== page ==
Does that concern anybody other than me? I mean, I like the discount, but the thought of all of my data flowing around autonomously between devices. I have a very smart car. I just bought a car. My car communicates with my garage and decides when it needs a service. I'm pretty sure some of my data's in that communication as well. So just as you know, and I liked a lot what Kim was saying earlier, just as this concept of decentralized identity is really starting to take hold. It's becoming all about the data and decentralized identity. Doesn't just relate to you, the person, it relates to all of the things associated with you, your smart device, your home, your temperature sensor, your, your cell phone, your apple watch, your whatever. All of that data is your data or it's data about you might be data about your health might be data about your power consumption might be data about the speed you drive, you know, which is not a good thing in my case, but you know, all that data exists.
How is it being controlled? How is it being managed? Who's managing the privacy and security concerns around that data. And as these numbers show, what we have today is just a drop in the ocean of what that data's gonna be and what it looks like in five or six years time. So today the average person, the average consumer has roughly 750 digital interactions per day in this room. It's probably a number that's way bigger than that, talking to a group of techies, but that's the average person by 2025, that number will have grown to roughly 5,000 data interactions per person per day, 5,000. It's beyond human control. It's beyond human. You know, just the number is mind boggling, just thinking about all of those different interactions. Now, the other stat that is at the bottom of the slide as a vendor of security is one that I'm pretty pleased to see. And that's that cyber security damages are growing at an equal pace. They're keeping pace as well. So current estimates is in 2025 or sorry, 2021. There will be roughly 6 trillion worth of cybersecurity damages done in the world to the digital economy. So that's the world that we see. That's what we see is happening. And you know, and some of those stats are good for us. Some of those stats are bad for us, but it's inevitable it's going to happen.
So what we believe is fundamental truth is that digital transformation is not really the right way to describe it. It's more like digital evolution. Even those digital companies like Uber, Lyft, Airbnb, that were born digital have to continuously evolve. They have to continuously transform. If you stand still in the digital economy, you're dead, your competitors will out innovate you. They will out business. You, they will beat you. So we see this consistent continuous infinity loop around security, around objects, around identities and around data and how to manage it. It's a continuous cycle. You need to be agile. You need to be fast. You need to be constantly moving to keep pace with what's coming just around the corner. So that's the cornerstone of our philosophy. So what you'll see us doing is investing very heavily, very, very heavily in some core concepts. And we believe that this will ultimately end up being the new architecture of trust.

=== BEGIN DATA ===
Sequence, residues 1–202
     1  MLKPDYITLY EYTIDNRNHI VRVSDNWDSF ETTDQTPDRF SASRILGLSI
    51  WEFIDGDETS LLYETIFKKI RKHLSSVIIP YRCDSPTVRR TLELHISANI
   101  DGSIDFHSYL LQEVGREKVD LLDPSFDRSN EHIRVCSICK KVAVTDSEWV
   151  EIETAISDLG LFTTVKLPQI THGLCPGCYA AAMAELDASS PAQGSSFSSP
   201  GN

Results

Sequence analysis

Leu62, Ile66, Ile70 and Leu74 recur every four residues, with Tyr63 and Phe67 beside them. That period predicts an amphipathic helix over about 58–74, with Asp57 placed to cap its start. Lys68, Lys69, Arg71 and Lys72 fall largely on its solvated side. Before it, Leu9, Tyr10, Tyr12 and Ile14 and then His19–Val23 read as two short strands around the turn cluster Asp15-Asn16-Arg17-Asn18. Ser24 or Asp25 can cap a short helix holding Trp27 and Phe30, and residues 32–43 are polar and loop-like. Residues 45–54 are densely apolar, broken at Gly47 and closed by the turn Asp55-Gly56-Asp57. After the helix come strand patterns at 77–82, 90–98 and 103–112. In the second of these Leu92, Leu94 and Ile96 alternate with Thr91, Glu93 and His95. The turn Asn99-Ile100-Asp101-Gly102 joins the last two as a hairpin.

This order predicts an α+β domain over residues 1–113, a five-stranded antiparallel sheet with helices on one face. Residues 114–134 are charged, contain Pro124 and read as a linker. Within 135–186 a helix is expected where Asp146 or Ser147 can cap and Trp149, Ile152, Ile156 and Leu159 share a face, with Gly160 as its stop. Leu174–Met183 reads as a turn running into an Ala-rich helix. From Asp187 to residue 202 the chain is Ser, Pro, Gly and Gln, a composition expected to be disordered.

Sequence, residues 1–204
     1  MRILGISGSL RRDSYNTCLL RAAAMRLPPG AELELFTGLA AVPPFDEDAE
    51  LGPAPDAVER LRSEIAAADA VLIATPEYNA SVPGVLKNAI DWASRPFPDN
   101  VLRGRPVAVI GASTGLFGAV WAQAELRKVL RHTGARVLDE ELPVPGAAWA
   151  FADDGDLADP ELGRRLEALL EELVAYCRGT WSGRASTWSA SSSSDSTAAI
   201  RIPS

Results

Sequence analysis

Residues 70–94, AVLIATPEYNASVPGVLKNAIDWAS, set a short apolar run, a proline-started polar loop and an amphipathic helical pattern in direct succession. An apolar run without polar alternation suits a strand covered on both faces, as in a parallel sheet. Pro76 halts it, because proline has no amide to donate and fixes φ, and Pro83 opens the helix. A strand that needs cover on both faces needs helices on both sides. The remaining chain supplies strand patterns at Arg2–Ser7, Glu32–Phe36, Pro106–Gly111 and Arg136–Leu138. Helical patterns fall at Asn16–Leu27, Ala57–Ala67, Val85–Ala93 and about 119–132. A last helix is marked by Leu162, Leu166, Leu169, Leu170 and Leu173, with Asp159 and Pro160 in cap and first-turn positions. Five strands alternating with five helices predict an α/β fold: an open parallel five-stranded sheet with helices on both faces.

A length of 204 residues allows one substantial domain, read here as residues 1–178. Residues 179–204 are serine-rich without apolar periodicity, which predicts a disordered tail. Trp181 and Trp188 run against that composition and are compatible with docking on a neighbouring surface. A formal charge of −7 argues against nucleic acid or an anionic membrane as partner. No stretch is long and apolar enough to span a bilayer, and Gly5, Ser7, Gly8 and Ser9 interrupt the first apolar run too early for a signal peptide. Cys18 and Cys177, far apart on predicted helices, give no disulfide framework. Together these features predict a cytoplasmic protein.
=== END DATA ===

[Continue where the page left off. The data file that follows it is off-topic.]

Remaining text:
The graphic on the left is what we lovingly call a triangle of trust. We just implemented that with a large global bank that just wanted to refresh their digital experience through their app. And it wasn't an entirely security endeavor. They really were looking at the digital experience of their consumers and how they can connect in their new business model. This is a very large top 10 global bank around how they can actively secure all of those connections and all of those transactions between not only the device, but the applications on the device and the users themselves. We call that the triangle of trust. Now that bank rolled that application out, they built, it took them all out, took about eight months to, to get where they wanted to go. They rolled that application out over a two month period to 65 million users, two months to roll out to 65 million users.
That's the scale that we are now dealing with. If you are a large digital brand, if you are a large digital company, you need to think of security on a scale and at a level that we've never imagined before they were already working on version two, they were working on version two before they even released version one, the graphic on the right I already talked about, but how are we gonna do this? How are we gonna cope with this? Well, our fundamental belief is that we need to invest heavily in AI. And I don't mean analytics, intelligence, I mean, actual AI. So some of you may or may not know, but we have a very large business that we call our payment security business. It's the largest card, not present fraud, transaction business in the industry. So for the last sort of 10 to 15 years, we have processed roughly 40% of all credit card transactions over the internet.